I glue stilts to ants

How do ants navigate back to their nests? Researchers assumed they relied on an internal pedometer. To test this theory, one scientist glued stilts to the insects.

Matthias Wittlinger, researcher at University of Freiburg in Germany

In the salt flats of the Tunisian desert, Cataglyphis fortis ants will travel more than 120 yards from their nests in search of food. That’s like you or me walking 4 miles, through a landmark-free environment, for dinner.

For a long time, entomologists thought ants must count their steps in order to know how many were needed to return home. If they do this, I realized, then shortening or lengthening their legs would make them miscalculate the distance.

In summer 2005, I traveled to Tunisia to test ants’ internal pedo­meters. First, I captured them about 11 yards away from the nest. I lifted them with fine for­ceps, put them belly up in a plate of soft wax normally used in dentistry, and stuck each knee down to steady them. I then either trimmed the legs with scissors or super­glued a stiff pig hair to each limb to function as a stilt.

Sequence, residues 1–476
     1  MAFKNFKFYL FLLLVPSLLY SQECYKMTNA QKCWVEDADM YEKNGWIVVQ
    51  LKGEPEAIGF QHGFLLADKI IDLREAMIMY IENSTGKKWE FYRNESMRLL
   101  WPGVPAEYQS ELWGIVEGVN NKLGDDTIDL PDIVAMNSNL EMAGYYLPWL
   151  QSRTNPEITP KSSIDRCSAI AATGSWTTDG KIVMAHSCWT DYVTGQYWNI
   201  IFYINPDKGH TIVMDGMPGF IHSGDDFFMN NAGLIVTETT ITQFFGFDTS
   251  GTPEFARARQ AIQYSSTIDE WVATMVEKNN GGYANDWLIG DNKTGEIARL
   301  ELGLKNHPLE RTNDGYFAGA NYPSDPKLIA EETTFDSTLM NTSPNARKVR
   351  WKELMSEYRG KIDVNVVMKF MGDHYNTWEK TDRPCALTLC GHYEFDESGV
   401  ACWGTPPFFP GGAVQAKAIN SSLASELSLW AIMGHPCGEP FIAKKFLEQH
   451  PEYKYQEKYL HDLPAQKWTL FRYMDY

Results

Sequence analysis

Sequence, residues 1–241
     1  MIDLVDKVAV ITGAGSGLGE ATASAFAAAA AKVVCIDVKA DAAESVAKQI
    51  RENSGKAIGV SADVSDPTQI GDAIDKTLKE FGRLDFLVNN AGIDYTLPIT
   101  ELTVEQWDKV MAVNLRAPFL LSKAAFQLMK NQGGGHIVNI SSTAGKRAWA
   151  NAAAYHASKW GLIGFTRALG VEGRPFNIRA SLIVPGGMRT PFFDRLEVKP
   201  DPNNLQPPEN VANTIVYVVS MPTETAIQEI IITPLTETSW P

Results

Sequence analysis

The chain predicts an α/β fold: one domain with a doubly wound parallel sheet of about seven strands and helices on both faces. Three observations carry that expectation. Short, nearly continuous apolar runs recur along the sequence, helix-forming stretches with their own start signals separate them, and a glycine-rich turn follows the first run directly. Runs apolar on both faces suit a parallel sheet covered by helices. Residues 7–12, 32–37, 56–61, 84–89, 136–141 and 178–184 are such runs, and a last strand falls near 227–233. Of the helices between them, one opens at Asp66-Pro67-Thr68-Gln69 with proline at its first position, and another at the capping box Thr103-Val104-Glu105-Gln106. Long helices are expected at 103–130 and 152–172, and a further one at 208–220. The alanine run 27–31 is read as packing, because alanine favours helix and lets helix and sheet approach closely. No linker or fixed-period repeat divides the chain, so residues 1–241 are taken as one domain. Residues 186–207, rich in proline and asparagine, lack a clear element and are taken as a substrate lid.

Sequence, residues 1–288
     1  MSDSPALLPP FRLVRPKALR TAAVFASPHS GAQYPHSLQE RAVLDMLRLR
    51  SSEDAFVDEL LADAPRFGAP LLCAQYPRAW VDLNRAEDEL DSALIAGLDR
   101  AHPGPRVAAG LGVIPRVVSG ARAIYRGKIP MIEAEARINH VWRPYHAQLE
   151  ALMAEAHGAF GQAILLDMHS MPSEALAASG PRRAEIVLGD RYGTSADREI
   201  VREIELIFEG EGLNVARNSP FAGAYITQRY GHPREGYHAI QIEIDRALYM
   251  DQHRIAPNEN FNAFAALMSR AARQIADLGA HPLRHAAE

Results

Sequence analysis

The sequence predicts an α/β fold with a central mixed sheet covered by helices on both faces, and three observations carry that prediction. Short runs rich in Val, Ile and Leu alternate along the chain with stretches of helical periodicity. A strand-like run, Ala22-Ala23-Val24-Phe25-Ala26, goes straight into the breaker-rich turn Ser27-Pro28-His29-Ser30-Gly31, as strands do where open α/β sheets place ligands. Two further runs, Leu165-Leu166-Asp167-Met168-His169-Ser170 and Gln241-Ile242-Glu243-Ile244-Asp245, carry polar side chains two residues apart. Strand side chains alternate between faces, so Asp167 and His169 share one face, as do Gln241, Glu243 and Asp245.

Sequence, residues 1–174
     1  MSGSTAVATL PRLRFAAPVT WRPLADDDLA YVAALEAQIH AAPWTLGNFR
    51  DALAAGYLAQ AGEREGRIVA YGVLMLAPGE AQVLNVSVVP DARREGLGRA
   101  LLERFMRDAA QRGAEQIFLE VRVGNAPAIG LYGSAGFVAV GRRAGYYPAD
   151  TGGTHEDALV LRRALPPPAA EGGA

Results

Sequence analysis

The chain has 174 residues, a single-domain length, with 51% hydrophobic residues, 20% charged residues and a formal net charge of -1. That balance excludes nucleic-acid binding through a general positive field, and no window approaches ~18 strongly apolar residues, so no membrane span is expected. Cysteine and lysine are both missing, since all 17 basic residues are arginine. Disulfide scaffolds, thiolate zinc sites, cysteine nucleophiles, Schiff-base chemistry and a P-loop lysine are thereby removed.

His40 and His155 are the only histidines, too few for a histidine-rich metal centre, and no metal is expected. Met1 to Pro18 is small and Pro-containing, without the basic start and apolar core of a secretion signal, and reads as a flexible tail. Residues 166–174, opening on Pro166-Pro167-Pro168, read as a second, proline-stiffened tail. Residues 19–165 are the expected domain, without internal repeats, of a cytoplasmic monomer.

After surgery, the ant was still in homing mode. I would give it a food crumb and watch it run straight home. Sure enough, the ants with stilts walked past the nest, and the ones with short legs stopped too soon. The experiment sounds tricky, but it was easy compared with my old job: dissecting insect brains.

As told to Sara Chodosh

This article was originally published in the Fall 2018 Tiny issue of Popular Science.

Sara Chodosh

Sara Chodoshis an associate editor at PopSci where she writes about everything from vaccine hesitancy to extreme animal sex. She got her master's degree in science journalism at NYU's Science Health and Environmental Reporting Program, and is getting a second master's in data visualization from the University of Girona. Contact the author here.